A Mount Airy couple who were arrested after police found and destroyed an improvised explosive device at a middle school earlier this week were denied bail on Thursday in Baltimore County District Court.
Joseph Richard Vickery, 43, faces eight charges that include manufacturing a destructive device capable of injuring people or damaging property, keeping an illegally obtained loaded handgun in a vehicle; and drug possession with intent to distribute, according to court records.
Kristen Lee Vickery, 39, was charged with drug possession. Both were denied bail by District Court Judge Krystin Richardson.
Joseph Vickery was arrested Tuesday by Baltimore County police in the parking lot of a Parkville-area school. His improvised explosive device used a paper tube, a remote controlled car and common household items, according to charging documents filed by police in court.
The chain of events leading to the arrests started Monday while Mount Airy police followed up with a woman who had reported her belongings were stolen by Joseph Vickery. Mount Airy Police Chief Doug Reitz said officers received a tip that Joseph Vickery was building a bomb.
Mount Airy police alerted the FBI and Bureau of Alcohol, Tobacco, Firearms, and Explosives around noon Monday after reviewing the photos that seemed to show the suspect manufacturing fertilizer and other materials into an explosive device, Reitz said.
According to charging documents, a woman named Kimberly, whose last name is redacted, received a text from her daughter, Kristen, whose last name was also redacted. Kristen said she saw Joseph Vickery looking up how to make “flash bang, bombs.” She said he has a gun and a crossbow and bought more.
The texts contained pictures of a stainless steel pot on a portable electric hot plate that held a cloudy liquid with blue particles floating in it. She also sent a picture of Joseph Vickery carrying a plastic bucket in a hotel room and a picture of a bag of fertilizer.
Kimberly told Mount Airy police that she believed she was Joseph Vickery’s target. Her daughter and Joseph Vickery were living in hotels in Columbia, she said to police. Mount Airy forwarded the information to the FBI, Howard County Police and the Bureau of Alcohol, Tobacco, Firearms and Explosives. Police obtained an “emergency ping” on Joseph Vickery’s mobile phone, which showed he was at the Rodeway Inn in Woodlawn, documents state.
Police watched Joseph Vickery’s black Ford F-150 Monday night and decided not to attempt to make contact since it was late and because he was armed. When police went back to the hotel the next morning, Joseph Vickery’s car was gone. But police saw Kristen Vickery taking out trash. Police took the trash when Kristen Vickery returned to her room and searched it at the precinct.
They found receipts with purchases that include two propane tanks, a coffee grinder, adhesive, a caulk gun, cotton swabs, a hot plate and a radio-controlled car. Police also found rubber gloves, a piece of copper wire and six instant cold packs.
Police determined the items would be used to make an explosive device. They pinged Joseph’s phone once again and that showed it was located at the Pine Grove Middle School parking lot. Joseph Vickery was arrested near the school at 11:30 a.m. on Tuesday, according to police.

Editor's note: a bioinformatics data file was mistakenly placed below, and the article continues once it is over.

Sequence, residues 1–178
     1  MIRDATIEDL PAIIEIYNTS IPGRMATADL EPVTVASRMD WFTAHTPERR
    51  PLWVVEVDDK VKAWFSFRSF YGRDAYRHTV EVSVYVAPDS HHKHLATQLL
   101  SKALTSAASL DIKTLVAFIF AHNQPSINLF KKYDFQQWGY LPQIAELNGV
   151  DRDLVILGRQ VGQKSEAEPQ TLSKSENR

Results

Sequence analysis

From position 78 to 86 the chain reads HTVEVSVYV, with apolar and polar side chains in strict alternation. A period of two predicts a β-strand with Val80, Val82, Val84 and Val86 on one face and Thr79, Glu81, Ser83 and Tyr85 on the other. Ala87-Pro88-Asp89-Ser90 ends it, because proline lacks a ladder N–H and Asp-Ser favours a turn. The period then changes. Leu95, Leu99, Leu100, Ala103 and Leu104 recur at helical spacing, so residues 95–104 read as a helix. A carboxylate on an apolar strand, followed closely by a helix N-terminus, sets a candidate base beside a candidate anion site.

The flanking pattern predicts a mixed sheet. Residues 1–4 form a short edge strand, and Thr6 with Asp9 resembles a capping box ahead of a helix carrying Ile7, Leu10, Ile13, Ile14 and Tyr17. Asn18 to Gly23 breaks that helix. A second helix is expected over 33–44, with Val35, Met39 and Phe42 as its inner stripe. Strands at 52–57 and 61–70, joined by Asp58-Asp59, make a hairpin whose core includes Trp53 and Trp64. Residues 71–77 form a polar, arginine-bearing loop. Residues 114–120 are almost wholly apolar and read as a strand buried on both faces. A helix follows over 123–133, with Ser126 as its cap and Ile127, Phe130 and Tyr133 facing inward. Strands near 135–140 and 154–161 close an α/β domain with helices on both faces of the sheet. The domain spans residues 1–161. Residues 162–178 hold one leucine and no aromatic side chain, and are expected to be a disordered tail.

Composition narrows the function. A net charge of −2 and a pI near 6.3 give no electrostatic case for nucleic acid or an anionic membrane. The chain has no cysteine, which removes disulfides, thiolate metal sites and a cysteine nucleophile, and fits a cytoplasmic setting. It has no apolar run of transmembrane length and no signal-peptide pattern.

“Joseph Vickery advised officers that there was an explosive device inside of his vehicle,” the document stated.
Police found a potential improvised destructive device on the passenger floorboard of Joseph Vickery’s car and determined it was safe. Next to the device was a remote-controlled toy car with the word “transmitter” on it.
The team conducted tests to identify “explosive precursor chemicals” that were inside the improvised explosive device.
Kristen Vickery was arrested at the Rodeway Inn shortly after for an outstanding violation of probation warrant in Carroll County.
A bomb technician determined that items found in the trash, including the ammonium nitrate found in the instant cold packs and the fertilizer, are commonly used to make homemade explosives.
Joseph Vickery admitted to making an explosive later that day. And he said he did not intend to harm anyone with the device but to detonate it in a remote area.
During Joseph Vickery’s hearing, a public defender requested “some form of release.” The judge disagreed. She said it’s “harder to think of a greater threat to public safety than someone who concocts a homemade bomb and brings it to a middle school.”
Court records state the bomb in Joseph Vickery’s car was a “test to see if his homemade device — which could be activated by a remote-control toy car — would work. And it did. But it wasn’t meant for the school, records state, but for his wife’s mother.
Baltimore County police said Tuesday that students were rushed to safety after they discovered the “suspicious package” that morning — the device was described by other law enforcement agencies as a homemade bomb. Students at Pine Grove middle and elementary schools were evacuated to nearby high schools.
County police took a “proactive controlled measure” to deactivate the device, according to the department’s Twitter. The source said the FBI and the Bureau of Alcohol, Tobacco, Firearms and Explosives were also on the scene.
Baltimore Banner reporters Justin Fenton and Liz Bowie contributed to this report.